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Pence: Abortion decision 'among most consequential' of Trump legacies

Former Vice President Mike Pence addressed abortion, Trump, the Jan. 6 Capitol riot and more in a wide ranging interview with Meet the Press. 
Former Vice President Mike Pence during a Meet The Press interview.
Former Vice President Mike Pence during a Meet The Press interview.Meet The Press

Former Vice President Mike Pence said the Supreme Court’s decision to eliminate the national right to abortion is “among the most consequential legacies” of former President Donald Trump’s administration, underscoring his staunch opposition to abortion rights in an interview with NBC’s Meet the Press.

“The Dobbs decision not just overturned Roe v. Wade, but it returned the question of abortion to the states and to the American people. And I celebrate that from really the depths of my heart,” Pence said in the interview, which aired Sunday.

“I truly believe the opportunity to restore the sanctity of life to the center of American law may be among the most consequential legacies of the Trump-Pence administration, if not the most consequential,” Pence later added. 

Pence’s comments come as he’s weighing his own run for the White House in 2024 — a decision he said he’ll make by the end of the year.  

If Pence jumps into the race, he’d be taking on his former running mate, Donald Trump, who launched a third run for president last week, just days after the GOP’s disappointing showing in the midterm elections.

Most post-election examinations have pinned at least a part of the party's woes to the court's decision that energized voters concerned about abortion rights — and an election cycle that included several state ballot initiatives to secure those rights.

But Pence implied that the party's election woes rested elsewhere.

“Candidates that were focused on the issues that people are facing today and solutions for tomorrow, focused on the future, did quite well,” Pence said. “But candidates that were focused on the past, candidates that were focused on re-litigating the 2020 election, did not fare as well.”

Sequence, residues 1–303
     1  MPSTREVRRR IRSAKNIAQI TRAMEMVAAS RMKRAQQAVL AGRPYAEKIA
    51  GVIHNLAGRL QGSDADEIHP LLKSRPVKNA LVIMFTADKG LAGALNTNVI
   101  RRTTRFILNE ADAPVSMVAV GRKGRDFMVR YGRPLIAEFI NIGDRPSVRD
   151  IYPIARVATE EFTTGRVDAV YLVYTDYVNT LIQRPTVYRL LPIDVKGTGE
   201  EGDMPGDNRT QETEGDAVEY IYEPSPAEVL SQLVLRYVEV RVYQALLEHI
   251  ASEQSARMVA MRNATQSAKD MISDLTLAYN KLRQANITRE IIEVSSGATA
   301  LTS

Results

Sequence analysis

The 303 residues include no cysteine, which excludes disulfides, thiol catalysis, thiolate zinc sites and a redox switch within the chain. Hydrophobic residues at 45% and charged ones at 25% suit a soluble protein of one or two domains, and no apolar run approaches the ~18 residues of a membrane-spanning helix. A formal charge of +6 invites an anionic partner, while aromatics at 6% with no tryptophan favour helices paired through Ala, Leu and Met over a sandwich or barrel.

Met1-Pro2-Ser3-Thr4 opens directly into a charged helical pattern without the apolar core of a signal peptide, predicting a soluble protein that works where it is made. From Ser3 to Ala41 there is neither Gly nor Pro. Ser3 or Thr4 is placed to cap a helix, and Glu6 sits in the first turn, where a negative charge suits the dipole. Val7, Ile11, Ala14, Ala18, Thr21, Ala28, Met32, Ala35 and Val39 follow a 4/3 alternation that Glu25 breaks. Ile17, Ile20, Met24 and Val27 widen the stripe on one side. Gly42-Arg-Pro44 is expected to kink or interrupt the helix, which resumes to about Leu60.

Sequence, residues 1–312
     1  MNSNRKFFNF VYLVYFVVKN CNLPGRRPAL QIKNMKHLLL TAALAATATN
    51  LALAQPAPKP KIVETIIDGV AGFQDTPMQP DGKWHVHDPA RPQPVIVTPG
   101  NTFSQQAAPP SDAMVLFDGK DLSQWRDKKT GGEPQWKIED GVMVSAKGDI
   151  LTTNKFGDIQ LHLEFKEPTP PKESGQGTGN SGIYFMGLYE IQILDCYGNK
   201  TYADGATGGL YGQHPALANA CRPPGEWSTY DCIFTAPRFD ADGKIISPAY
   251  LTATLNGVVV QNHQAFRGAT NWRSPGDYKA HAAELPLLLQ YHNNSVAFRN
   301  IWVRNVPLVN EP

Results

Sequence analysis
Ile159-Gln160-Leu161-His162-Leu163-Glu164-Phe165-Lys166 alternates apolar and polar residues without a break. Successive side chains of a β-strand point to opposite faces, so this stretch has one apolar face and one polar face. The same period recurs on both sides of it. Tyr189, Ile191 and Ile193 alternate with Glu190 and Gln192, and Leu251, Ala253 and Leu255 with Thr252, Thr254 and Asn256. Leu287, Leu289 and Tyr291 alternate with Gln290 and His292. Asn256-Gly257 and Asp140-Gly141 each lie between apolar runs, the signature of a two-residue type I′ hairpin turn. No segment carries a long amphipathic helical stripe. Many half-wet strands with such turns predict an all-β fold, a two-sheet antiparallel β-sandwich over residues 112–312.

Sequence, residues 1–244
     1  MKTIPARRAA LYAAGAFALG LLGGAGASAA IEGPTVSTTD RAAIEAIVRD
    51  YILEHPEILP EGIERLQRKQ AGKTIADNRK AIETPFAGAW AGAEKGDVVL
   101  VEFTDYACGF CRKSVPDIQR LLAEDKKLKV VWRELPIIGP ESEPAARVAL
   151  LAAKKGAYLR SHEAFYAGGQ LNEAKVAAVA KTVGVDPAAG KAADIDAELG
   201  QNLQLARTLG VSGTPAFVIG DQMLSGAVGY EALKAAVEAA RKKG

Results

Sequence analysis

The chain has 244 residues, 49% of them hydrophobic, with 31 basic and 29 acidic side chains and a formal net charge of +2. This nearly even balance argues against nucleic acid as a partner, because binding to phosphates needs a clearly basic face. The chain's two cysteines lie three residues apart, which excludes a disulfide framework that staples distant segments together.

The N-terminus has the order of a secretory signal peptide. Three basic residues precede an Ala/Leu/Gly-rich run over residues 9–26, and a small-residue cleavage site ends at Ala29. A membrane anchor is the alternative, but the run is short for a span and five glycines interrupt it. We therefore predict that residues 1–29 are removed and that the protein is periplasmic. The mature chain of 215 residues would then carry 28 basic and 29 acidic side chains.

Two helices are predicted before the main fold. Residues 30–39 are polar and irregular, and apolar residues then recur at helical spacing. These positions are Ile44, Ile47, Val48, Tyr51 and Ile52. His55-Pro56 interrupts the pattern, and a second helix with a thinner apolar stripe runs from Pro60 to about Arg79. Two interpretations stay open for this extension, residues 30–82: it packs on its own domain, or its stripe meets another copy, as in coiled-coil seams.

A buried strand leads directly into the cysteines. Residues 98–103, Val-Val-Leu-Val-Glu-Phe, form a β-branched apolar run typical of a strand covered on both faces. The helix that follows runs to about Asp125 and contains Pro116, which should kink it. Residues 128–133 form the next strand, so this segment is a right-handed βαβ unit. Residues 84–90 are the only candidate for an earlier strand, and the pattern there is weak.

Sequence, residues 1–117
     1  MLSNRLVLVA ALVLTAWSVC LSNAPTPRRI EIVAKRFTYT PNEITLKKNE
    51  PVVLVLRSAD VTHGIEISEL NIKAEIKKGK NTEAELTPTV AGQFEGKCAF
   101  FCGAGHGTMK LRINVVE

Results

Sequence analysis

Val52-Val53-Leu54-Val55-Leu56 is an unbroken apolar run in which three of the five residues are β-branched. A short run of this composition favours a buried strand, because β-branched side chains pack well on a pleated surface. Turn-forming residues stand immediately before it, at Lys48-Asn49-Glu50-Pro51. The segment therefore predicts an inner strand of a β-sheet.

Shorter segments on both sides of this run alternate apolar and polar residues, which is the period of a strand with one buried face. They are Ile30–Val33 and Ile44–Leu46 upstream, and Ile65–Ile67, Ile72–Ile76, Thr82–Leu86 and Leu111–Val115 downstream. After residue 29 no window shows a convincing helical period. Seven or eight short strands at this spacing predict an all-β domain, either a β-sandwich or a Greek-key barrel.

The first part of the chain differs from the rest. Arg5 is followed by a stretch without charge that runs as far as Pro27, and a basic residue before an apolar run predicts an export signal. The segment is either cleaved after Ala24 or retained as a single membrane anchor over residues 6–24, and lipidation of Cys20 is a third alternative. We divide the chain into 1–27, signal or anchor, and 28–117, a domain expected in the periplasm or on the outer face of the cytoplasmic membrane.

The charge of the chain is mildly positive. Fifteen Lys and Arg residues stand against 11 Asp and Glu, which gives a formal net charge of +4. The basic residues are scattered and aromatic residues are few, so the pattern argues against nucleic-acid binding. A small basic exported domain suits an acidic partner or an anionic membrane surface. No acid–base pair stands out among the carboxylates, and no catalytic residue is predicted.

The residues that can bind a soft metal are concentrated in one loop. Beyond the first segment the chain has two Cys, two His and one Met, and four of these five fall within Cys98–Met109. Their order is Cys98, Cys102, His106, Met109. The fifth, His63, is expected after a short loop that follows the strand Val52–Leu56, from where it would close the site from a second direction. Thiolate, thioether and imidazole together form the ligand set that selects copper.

On the abortion issue, Pence insisted that the Dobbs decision has helped make the debate a battle of hearts and minds “to persuade our neighbors and friends to the day that abortion is not only illegal, but it’s unthinkable.” Pence voiced his support for a proposal from Sen. Lindsey Graham, R-S.C., to ban most abortions nationwide after 15 weeks of pregnancy. 

‘He was my friend’

Pence was limited in his direct criticisms of Trump, even in his recollections of being pushed by the former president not to certify the 2020 presidential elections results and fueling the Jan. 6, 2021 riot at the Capitol where some rioters called for Pence to be hanged. 

“Over those four and a half years that we worked together, President Trump was not just my president. He was my friend,” Pence said during the interview at the Ronald Reagan Presidential Library.

Pence declined to directly answer whether Trump is fit to serve as president again, or whether Trump respects the Constitution. And Pence placed the blame for Trump’s push to overturn the election results on the lawyers who convinced Trump that Pence had the authority to do so.

“I don’t know if it is criminal to listen to bad advice from lawyers,” Pence said when asked if Trump committed a crime in fomenting an insurrection. “Truth is, what the president was repeating is what he was hearing from that gaggle of attorneys around him.”

The Covid response

The team around Trump at the time also included chief of staff Mark Meadows, who Pence criticized as an ineffective “gatekeeper.” Pence said it was Meadows who discouraged regular White House briefings during the early months of the Covid pandemic. 

For his part, Pence touted his role in the administration’s pandemic response, bringing together leaders in public health and economic experts. Those leaders included Dr. Anthony Fauci, the National Institute of Allergy and Infectious Disease who has since been vilified on the right. 

Pence did not directly answer whether the criticisms to Fauci are fair, describing the expert as a “great source of comfort to millions of Americans” in the early days of the pandemic, but questioning Fauci’s support for vaccine mandates. 

“Dr. Fauci ultimately aligned himself with many Democrat governors who took what were temporary policies and made them long-term policies in their state,” Pence said. “And the American people love freedom.”

Mar-a-Lago search

Pence also addressed the FBI’s search for classified documents at Trump’s Mar-a-Lago residents, criticizing Attorney General Merrick Garland’s decision to approve the search.

“I have great concerns about his judgment and leadership at the Justice Department in the wake of it,” Pence said. 

Pence insisted the Justice Department could have taken additional steps before searching Trump’s residence, even though the Justice Department and the National Archives had been in a standoff with Trump over the documents for months leading up to the search. 

“No one’s above the law. But I would hope the Justice Department would give careful consideration before they take any additional steps in this matter,” Pence said.